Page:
I feel Wearstler must have been so weary of being typecast as the Queen of Hollywood Regency, that she drifted into this realm of renewed 70s with the sort of flagrant devil-may-care attitude that only someone supremely confident in their marketability has (not that that's a bad thing.)
A year ago, Apartment Therapy stated that Wearstler's "new" design aesthetic had yet to take off....
The latest issue of Metropolitan Home featured her Malibu beach house, and it appears she's still pushing this 70's redux "moment."
But Wearstler's attempt to "move on" from the peak of 30's glamour leads me to a larger issue: That some designers, who have become well-known for a particular "look" chose one of two paths.
They may, in an effort to stay fresh (among the design glitterati), resort to bizarre aberrations of their seminal style. Alternately, they chose to look to that huge goddess in the sky known as "branding," and become parodies of their own work.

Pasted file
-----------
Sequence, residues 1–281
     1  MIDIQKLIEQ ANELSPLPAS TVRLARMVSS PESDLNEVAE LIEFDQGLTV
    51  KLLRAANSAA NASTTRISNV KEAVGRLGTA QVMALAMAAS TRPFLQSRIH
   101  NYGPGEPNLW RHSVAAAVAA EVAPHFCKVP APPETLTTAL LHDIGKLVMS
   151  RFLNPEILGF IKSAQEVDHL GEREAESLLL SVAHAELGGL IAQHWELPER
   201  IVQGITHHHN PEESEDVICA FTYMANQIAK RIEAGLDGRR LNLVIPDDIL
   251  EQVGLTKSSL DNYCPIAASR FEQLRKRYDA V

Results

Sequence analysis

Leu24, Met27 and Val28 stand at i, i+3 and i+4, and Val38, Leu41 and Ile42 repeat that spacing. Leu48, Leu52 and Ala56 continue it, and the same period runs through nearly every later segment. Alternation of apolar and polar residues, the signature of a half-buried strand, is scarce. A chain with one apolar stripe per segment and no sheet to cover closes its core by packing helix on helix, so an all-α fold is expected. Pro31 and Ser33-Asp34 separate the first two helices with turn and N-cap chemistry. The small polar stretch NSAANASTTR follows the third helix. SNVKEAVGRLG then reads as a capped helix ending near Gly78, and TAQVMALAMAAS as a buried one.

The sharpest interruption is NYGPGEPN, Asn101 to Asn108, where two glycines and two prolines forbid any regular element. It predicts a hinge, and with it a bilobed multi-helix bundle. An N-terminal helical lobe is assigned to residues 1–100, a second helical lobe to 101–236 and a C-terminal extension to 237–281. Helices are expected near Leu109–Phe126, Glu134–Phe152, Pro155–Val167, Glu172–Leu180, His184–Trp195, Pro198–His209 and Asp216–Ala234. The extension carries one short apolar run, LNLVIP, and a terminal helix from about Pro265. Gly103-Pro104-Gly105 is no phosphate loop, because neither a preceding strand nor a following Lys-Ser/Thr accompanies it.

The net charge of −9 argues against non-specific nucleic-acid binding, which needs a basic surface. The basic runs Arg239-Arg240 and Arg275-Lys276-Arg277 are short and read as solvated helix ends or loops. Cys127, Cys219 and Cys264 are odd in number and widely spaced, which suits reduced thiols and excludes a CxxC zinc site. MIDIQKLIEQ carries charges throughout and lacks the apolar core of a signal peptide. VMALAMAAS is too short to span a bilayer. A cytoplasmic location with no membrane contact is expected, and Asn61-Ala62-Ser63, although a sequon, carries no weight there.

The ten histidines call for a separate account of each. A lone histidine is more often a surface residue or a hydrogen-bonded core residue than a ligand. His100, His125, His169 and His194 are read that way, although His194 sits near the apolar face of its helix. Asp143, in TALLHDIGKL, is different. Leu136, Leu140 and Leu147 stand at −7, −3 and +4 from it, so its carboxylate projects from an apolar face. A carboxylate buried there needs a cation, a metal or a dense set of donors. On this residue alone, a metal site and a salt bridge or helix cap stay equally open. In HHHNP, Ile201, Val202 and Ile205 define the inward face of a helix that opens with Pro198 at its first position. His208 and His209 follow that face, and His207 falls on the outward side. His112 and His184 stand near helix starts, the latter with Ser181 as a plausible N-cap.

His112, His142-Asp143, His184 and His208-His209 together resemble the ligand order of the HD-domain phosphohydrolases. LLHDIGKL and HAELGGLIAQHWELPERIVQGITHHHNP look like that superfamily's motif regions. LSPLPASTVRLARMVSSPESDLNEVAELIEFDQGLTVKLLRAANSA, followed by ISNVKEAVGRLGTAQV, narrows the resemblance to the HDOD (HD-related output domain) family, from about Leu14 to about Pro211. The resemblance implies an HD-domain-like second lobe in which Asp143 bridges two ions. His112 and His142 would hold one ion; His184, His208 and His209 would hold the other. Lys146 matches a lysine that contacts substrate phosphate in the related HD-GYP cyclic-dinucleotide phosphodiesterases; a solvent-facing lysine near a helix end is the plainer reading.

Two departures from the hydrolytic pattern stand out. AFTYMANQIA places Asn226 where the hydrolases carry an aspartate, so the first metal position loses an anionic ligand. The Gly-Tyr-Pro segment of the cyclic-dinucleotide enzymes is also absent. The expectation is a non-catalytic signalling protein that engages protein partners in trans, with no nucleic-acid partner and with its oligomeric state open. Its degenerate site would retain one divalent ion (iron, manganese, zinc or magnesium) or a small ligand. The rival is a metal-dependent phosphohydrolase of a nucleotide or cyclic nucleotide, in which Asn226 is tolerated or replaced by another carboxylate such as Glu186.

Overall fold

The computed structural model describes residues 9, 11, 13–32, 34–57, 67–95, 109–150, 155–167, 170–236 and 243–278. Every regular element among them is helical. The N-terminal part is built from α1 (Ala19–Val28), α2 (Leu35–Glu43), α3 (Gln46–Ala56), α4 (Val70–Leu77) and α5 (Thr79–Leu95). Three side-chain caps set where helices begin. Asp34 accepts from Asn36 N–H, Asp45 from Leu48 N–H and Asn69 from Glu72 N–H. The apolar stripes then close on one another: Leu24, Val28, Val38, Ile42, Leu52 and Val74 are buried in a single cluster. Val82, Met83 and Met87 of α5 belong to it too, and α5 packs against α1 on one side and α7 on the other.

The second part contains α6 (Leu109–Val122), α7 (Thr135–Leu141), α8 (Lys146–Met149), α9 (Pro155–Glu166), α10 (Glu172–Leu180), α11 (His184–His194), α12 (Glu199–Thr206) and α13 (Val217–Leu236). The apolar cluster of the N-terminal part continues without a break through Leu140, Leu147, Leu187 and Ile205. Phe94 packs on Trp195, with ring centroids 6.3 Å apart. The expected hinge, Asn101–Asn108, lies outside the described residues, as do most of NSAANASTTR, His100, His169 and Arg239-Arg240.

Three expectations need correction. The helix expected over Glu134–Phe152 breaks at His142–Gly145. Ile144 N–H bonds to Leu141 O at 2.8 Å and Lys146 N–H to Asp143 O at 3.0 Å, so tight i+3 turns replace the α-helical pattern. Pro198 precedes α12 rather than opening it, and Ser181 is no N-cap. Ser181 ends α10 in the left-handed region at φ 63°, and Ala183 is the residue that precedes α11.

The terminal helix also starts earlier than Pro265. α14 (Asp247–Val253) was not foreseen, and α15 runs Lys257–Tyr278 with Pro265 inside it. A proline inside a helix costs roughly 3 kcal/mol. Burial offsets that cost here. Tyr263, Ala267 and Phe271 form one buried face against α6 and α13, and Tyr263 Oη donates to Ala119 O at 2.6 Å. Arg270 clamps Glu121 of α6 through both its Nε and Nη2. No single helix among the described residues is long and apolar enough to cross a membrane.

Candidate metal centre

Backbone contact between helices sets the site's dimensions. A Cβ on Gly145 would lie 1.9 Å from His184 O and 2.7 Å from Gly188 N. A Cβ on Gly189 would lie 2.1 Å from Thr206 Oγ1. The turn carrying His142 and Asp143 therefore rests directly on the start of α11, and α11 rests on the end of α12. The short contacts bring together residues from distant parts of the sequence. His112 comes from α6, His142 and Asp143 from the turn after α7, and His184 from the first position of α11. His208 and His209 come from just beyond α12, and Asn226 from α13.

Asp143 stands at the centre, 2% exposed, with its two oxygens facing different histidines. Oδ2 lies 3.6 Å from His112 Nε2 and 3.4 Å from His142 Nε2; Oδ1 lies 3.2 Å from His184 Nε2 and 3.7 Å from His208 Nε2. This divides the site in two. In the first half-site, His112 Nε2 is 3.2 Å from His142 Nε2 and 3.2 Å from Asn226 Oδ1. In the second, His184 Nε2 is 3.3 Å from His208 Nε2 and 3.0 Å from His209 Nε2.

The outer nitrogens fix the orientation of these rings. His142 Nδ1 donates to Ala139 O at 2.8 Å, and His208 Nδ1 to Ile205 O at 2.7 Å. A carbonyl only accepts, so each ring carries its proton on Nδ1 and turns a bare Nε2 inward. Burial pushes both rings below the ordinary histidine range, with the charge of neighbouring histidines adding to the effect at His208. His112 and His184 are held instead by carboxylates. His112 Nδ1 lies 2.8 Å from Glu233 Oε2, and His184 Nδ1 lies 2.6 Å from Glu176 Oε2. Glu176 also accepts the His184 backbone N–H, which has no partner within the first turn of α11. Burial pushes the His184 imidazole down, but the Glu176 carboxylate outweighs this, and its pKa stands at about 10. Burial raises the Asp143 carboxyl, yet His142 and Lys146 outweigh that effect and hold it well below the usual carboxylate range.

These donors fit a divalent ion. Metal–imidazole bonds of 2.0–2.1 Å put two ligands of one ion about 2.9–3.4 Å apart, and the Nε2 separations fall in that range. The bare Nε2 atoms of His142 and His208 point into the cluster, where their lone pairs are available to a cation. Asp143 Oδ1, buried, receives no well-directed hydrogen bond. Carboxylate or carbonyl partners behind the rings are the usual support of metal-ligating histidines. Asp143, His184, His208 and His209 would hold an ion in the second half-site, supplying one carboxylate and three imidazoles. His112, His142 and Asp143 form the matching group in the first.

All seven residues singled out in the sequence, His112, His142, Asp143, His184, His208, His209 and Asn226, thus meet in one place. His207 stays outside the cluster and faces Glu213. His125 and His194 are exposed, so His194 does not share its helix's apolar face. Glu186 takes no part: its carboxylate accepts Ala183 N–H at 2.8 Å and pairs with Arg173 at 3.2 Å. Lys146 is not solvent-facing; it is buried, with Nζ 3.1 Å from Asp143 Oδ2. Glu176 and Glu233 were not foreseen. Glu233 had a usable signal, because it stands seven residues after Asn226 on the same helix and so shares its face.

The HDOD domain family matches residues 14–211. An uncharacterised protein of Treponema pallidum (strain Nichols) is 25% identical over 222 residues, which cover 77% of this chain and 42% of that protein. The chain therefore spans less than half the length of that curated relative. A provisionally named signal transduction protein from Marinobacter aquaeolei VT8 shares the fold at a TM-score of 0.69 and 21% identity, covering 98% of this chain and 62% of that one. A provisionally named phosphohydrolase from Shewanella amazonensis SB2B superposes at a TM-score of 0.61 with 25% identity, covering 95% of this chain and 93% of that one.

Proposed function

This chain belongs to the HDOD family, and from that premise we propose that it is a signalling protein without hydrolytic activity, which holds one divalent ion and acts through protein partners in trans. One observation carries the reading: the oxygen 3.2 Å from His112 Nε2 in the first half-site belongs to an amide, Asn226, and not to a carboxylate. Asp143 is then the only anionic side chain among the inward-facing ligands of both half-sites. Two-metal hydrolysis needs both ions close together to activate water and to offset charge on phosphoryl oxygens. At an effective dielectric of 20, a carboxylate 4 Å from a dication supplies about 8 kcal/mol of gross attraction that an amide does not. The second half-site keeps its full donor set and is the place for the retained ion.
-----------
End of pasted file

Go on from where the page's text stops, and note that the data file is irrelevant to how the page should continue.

I feel Jonathan Adler is a prime example of the latter choice. I really like his work, so this is not coming from a crabby place, but must we be inundated by "Adler-isms" in all his designs? Chinoiserie - check. His own pottery - check. Graphic patterns - check. It all seems rather predictable.
So I ask, if we were to hire a famous designer, would we want everyone (or, at least our design-junkie friends) to be able to walk into a room and declare, "Oh, so-and-so did this room?"
Is a designer in fact chosen on the basis of his or her tried-and-true aesthetic, and expected to carry it out without straying from his particular formula - even if it turns out being the interior design equivalent of an overused logo?